Google says that customers can drive down expenses by running parts of the code on regular Compute instances and offloading the math-intensive code to TPUs.

GCP product and services offerings

The Google Cloud Platform includes more than 100 individual products—from AI and machine learning, to data analytics, to networking, storage, and security. 

App Engine

App Engine is a framework and platform for developing and hosting web apps that offers automatic scaling to answer increased demand. Instead of running apps in containers, you can create an application and run on an abstraction of it. This allows users to run an app without a VM or container. 

Comparable to Amazon EC2.

BigQuery

BigQuery is a serverless, enterprise-level data warehouse. It is designed to help users set up their data warehouses quickly, so you can start analyzing and using the data, and it can analyze petabytes of data in minutes. 

BigQuery uses a standard SQL dialect that is ANSI:2011 compliant in order to reduce the need for code rewrites. It also uses federated query, which means the platform can process external data sources without duplicating data.

Comparable to AWS Athena.

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Cloud Run

Cloud Run lets you create containers without virtual machines. To see how that is useful, and can save money, consider how you would set up containers without Cloud Run or something like it. You would have to (A) spin up a virtual machine and then (B) spin up containers inside.  So why do (B) when you only need (A)? This is inherently wasteful. Plus it runs counter to the whole idea of containers, which is a minimal operating system that does not need all the encryption software, file transfer software, a system log, etc., that a full-blown OS has.

But a container needs some place to run. Google provides that with Cloud Run.  

Compute Engine

Google Compute Engine delivers virtual machines. That is, it lets you pick from different operating systems and hardware sizes to create virtual machine instances. A virtual machine, of course, is a full-blown computer riding atop something called a hypervisor. It's really an abstraction of a computer, since it emulates a computer but does not have direct access to the screen or disk drive etc. Instead, the host operating system and hypervisor does that. This is how you take one individual computer hardware and divide it into multiple virtual computers.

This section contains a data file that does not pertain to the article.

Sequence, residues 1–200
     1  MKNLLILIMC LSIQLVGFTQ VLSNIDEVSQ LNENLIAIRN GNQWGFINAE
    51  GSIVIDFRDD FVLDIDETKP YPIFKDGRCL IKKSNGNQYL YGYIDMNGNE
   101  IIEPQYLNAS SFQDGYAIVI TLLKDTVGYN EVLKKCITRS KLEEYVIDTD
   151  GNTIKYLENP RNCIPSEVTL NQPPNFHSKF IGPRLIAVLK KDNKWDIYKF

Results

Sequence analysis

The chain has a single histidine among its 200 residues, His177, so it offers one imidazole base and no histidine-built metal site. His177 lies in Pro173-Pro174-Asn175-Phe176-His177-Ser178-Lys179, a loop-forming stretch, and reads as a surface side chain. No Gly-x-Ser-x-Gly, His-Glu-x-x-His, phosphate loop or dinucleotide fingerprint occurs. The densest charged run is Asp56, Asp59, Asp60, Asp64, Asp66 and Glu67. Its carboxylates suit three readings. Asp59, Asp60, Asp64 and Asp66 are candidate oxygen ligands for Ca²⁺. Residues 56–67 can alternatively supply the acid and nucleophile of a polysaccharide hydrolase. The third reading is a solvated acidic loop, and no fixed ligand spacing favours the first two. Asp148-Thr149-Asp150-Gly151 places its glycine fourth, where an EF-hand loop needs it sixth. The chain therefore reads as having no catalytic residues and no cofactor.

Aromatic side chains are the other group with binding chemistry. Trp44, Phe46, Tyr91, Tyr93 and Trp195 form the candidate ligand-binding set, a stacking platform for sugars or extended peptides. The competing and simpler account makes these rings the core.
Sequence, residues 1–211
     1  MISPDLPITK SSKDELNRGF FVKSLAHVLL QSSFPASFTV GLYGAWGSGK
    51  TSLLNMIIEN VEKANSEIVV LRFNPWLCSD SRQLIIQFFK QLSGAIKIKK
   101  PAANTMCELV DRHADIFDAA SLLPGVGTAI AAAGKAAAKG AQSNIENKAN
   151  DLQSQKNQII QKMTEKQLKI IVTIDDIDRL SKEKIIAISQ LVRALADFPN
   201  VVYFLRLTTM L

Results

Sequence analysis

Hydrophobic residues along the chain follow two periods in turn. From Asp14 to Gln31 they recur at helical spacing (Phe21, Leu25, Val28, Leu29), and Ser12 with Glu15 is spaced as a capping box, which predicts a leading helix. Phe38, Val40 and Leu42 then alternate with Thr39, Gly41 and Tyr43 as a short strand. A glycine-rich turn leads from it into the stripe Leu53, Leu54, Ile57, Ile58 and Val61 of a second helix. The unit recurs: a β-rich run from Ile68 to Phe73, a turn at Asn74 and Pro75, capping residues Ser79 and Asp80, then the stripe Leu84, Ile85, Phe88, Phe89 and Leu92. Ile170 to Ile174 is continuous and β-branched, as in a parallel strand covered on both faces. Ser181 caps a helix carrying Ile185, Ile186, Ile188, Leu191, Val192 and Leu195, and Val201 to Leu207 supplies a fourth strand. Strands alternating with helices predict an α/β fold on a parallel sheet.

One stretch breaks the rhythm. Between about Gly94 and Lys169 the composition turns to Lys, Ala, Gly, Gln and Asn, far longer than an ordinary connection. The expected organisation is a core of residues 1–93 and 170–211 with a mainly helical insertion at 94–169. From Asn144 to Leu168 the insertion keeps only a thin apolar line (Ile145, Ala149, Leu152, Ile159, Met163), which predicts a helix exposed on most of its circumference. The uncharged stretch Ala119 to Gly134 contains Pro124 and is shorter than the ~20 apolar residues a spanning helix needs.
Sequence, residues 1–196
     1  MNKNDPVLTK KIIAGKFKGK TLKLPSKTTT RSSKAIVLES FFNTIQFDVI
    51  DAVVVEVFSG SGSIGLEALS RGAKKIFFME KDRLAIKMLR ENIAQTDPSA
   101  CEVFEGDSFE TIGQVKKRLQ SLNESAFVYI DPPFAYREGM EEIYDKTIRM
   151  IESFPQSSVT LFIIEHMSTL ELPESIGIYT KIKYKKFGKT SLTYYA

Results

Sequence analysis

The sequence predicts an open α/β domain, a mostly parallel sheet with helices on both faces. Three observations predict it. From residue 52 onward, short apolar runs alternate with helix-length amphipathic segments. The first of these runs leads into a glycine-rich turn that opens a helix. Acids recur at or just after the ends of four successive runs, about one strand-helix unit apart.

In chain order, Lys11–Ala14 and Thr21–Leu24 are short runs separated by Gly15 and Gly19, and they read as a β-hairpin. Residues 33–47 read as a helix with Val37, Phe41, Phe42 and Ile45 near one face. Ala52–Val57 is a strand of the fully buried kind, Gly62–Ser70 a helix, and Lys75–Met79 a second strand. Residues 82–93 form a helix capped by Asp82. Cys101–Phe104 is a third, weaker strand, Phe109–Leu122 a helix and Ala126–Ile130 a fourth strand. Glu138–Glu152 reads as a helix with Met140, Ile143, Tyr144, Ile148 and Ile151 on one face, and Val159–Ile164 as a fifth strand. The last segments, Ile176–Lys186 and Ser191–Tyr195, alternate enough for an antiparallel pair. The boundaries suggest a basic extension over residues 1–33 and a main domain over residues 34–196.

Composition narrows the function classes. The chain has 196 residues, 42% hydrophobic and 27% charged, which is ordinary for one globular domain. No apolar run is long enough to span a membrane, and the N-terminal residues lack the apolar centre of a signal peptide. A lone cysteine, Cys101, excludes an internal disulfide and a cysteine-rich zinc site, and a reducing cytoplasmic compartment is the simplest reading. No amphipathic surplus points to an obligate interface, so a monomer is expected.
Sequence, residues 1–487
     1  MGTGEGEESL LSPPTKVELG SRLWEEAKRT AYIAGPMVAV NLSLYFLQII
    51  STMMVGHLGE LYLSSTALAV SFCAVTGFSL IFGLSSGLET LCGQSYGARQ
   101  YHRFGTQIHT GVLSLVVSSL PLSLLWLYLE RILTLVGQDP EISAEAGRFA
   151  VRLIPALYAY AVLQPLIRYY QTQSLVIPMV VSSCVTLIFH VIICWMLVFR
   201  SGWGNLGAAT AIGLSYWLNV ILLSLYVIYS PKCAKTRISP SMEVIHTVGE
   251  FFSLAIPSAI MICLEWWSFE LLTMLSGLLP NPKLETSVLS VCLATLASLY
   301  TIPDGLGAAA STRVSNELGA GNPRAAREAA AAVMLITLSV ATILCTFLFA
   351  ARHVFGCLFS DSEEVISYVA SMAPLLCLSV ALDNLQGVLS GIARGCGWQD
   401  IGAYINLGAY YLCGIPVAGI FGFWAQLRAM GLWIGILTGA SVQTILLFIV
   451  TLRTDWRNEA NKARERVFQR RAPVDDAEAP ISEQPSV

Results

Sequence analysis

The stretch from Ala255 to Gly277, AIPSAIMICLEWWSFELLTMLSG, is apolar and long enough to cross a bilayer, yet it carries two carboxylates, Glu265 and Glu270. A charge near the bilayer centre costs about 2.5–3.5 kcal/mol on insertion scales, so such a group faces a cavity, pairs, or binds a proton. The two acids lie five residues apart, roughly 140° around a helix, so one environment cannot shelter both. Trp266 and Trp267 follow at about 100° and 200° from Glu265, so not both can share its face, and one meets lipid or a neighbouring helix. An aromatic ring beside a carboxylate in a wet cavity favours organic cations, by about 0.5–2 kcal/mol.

VMs can be started and shut down as needed, so you can surge and contrast computing resources as the load on your application rises and falls. The end result is cost savings, since you are not paying for idle hardware.

Cloud Run is the same as Amazon EC2.

Memorystore for Redis

Cloud Memorystore for Redis is an open source, in-memory database, similar to SAP Hana or Apache Spark. The idea is that the database will run faster when there are no disk drives. This is because disk drivers have moving parts (e.g., the disk controller) that are not as fast as solid state storage (i.e., memory).  

So Memorystore stores data in memory instead of on disk. But memory is expensive compared to disk storage, so it's not suitable for all tasks—unless their importance justifies their cost. For example, a typical medium sized VM has 8 to 32 GB of memory. That is not much compared to 1TB of data that you can add to your laptop for a mere $200 for an external drive. 

Persistent Disk

Google Persistent Disk is block storage for VMs. It allows database blocks to be easily resized, backed up, and supported across multiple readers. It is also automatically encrypted, so users don’t have to worry about security for their cloud data.

You need a persistent disk, because when you shut down a virtual machine, the storage goes away. This is because the storage is the physical storage attached to the PC on which the VM runs. 

Comparable to Amazon EBS.

Technical support

GCP Support is available in various tiers. There is free, self-service support, and paid support.